Tetris has had people hooked for 30 years because it appeals to the basic mental instinct to tidy things, an expert said.

The claim comes as the 30th birthday of the game, which originated in the Soviet Union, is marked today by World Tetris Day.

After analysing the addictive game, Dr Tom Stafford of Sheffield University said: "Tetris is the granddaddy of puzzle games like Candy Crush saga - the things that keep us puzzling away for hours, days and weeks.

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"Tetris is pure game: there is no benefit to it, nothing to learn, no social or physical consequence. It is almost completely pointless, but keeps us coming back for more and more."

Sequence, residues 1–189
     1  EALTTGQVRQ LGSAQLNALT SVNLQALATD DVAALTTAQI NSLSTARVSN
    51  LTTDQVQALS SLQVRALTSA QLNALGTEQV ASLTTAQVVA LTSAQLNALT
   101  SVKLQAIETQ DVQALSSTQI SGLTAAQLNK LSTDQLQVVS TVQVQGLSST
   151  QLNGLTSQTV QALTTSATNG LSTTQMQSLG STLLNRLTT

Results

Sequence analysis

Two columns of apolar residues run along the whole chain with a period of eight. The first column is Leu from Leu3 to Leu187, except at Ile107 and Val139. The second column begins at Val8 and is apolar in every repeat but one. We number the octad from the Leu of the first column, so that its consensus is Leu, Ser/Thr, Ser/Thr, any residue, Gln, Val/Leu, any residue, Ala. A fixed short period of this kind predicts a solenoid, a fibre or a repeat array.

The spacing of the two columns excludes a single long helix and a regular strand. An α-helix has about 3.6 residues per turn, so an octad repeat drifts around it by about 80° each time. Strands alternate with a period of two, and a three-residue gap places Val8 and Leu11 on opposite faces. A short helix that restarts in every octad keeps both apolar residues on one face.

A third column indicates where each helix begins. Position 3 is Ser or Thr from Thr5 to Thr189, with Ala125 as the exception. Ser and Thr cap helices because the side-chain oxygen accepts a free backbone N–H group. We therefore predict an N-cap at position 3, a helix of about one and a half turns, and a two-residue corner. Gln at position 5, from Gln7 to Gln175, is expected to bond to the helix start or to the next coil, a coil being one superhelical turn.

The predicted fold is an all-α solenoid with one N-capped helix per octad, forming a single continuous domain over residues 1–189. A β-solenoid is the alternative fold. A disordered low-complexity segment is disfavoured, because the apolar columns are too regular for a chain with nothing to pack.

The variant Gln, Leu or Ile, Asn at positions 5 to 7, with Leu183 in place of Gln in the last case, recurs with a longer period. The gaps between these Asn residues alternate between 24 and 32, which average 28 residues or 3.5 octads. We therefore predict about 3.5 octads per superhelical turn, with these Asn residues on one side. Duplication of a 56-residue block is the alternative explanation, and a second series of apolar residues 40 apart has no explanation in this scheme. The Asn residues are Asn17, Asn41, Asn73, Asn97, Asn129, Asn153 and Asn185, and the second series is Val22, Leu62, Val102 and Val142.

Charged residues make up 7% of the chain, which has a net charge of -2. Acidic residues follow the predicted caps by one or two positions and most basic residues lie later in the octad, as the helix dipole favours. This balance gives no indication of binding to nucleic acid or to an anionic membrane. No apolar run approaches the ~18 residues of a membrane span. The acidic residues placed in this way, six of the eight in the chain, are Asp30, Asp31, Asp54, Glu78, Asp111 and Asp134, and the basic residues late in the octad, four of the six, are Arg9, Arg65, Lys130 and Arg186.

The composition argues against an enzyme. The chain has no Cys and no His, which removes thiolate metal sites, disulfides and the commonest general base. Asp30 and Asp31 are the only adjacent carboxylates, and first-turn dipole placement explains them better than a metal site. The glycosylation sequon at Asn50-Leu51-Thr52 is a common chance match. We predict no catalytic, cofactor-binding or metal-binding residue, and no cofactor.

Dr Stafford says the tidying and puzzle-solving aspect of the game delivers the same kind of psychological satisfaction as scratching an itch, and that has played a large part in the game remaining popular.

Ryan King, editor-in-chief of Videogames magazine said: "Despite its age, Tetris is still the best puzzle game ever made. Only Angry Birds has come close to its simple appeal and cultural impact."